Ask Tax Dad: I Just Can’t Quit Itemizing My Deductions

TAXDADSEZHistorically, our staff Certified Tax Cat has handled readers’ questions about taxes, but he took feline early retirement and hung up his oversized eyeglasses. Filling in for him is Laura’s dad, a retired accountant and real live independent tax preparer. Exclusively on Consumerist, Tax Dad answers your questions.

Bezel writes:

I have been itemizing my [deductions] for the past 15 years. I have had no changes to my tax situation, other than a small decrease to investment income/interest. This year my prep software informed me that the standard deduction is more favorable than itemizing. Is this possible? Is there any negative impact on my 2014 taxes by not itemizing? Thank you.

I believe I can answer this, Bezel. You should file your return using your itemized deductions or the IRS’ standard deduction, whichever gives you the lowest taxable income. Your tax prep software should aid you in this, unless you checked a box saying that you wish to itemize even if your taxable income would be lower.

For those not familiar with “Standard” and “Itemized” deductions, the IRS allows all taxpayers to lower their taxable income by subtracting certain expenses. These are called deductions. A complete list would be longer than most Consumerist posts, but the most common ones include state and local taxes or sales taxes paid, mortgage interest, student loan interest, property taxes, charitable or religious contributions, gambling losses (if you have large enough gambling winnings that you have to include them on your tax return), and some other deductions.

If a taxpayer doesn’t have a substantial amount of these deductions or just doesn’t want to bother, he or she is allowed a Standard Deduction instead. Here’s an interactive guide that will help you calculate your standard deduction. In most cases, the higher your deduction, the less your taxable income, and the less tax you pay. Of course, the taxpayer must keep records of all these payments in order to itemize them on Schedule A.

Clark asks:

My wife and I left Lansing, MI and moved to MA in 2012. However, she had $4.74 in Lansing local income tax withheld in 2013 from a job in a different city. Do we need to file a Lansing return?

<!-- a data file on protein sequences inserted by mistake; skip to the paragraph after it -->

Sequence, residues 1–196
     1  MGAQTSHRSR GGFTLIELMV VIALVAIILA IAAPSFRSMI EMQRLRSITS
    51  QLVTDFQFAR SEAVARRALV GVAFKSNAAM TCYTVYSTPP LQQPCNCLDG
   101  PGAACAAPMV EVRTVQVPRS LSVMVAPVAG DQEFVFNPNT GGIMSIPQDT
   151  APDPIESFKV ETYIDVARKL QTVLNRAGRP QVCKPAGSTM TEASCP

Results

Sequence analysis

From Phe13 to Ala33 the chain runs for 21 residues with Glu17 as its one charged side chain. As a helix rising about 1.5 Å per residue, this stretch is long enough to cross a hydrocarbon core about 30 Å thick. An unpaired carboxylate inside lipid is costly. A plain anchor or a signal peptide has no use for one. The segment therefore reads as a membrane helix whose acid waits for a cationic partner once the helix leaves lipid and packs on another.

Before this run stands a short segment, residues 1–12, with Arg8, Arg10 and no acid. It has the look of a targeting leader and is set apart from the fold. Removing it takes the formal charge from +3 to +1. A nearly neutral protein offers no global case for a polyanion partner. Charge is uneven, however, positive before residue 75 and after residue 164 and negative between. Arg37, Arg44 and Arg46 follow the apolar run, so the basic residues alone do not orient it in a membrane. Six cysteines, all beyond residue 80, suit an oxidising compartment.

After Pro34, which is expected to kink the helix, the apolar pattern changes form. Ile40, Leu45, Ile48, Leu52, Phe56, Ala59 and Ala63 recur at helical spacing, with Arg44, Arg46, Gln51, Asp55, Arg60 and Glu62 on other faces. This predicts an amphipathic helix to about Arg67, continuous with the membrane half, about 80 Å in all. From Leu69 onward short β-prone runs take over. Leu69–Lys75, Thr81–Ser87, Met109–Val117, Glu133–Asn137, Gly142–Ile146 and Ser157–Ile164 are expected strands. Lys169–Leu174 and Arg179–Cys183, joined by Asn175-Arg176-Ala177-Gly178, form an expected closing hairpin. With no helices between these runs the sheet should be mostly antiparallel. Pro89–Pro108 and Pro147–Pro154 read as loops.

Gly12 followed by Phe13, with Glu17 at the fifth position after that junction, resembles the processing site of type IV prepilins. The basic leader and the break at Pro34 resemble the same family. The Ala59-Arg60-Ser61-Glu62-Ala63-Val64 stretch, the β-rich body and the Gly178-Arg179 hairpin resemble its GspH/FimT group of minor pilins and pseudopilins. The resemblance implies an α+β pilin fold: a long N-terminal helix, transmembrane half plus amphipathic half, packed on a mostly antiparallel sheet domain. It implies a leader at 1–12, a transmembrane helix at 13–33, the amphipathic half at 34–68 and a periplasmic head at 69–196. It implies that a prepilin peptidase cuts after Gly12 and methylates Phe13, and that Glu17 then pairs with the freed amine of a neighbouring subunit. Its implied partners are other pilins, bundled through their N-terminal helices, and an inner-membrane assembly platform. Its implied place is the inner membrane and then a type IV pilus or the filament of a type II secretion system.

You would need to file a city of Lansing return if you want to obtain a possible refund of the $4.74. Otherwise, the City will probably not come looking for a tax return from you.

Kate asks:

Hi Tax Dad! I filed my federal return and then realized that I’d completely forgotten to include information about taking withdrawals from a Roth IRA (I’m 30 and the IRA only had $200 in it anyway), plus the interest from my regular savings account (said interest was under $10). I know I’ll have to file an amended return but will I also need to do one for the state return as well?

Hi Kate: yes, you should do a calculation of your taxable income after the changes, and file an amended return if you owe more tax. (Or less tax, but that wouldn’t be the case here.) Remember that your contribution to, or basis in, the Roth IRA is usually not taxable, but earnings are.

If you do file a 1040-X Amended Return, you should also file an amended return for your state, even if your state tax owed did not change.

Rebecca writes:

I got married in November, and my husband is here on a student visa. We have submitted all of his paperwork to United States Citizenship and Immigration Services for his permanent resident application, but it will take about 6 months. In the meantime, I can’t file my taxes until I file more paperwork to get him an ITIN (?). Is then something I can do myself, or is it very likely that I’ll botch it and I should really go to a professional?

Hi Rebecca: I must admit to no experience with non-resident taxes, but in consulting with IRS and some colleagues, here is my advice. I am assuming you have filed either SS-5 for a SSN or W-7 for a ITIN, and hopefully neither one will take more than 6 months for approval.

I would suggest filing with the IRS for a 6-month extension, Form 4868, on your tax return. You would need to do a quick calculation of your tax return and pay the approximate amount of taxes you might owe. If your husband’s paperwork is completed any time within the 6 months, which would be to October 15, you would be able to file your return. In most cases, filing jointly with your spouse would be the best way to go.

Disclaimer: The nature of free advice is that you often pretty much get what you pay for. Questions answered in the “Ask Tax Dad” column should not serve as a substitute for consulting a tax preparer, accountant, tax attorney, or certified tax cat of your very own. Tax Dad regrets that he cannot offer advice privately over e-mail.

Want more consumer news? Visit our parent organization, Consumer Reports, for the latest on scams, recalls, and other consumer issues.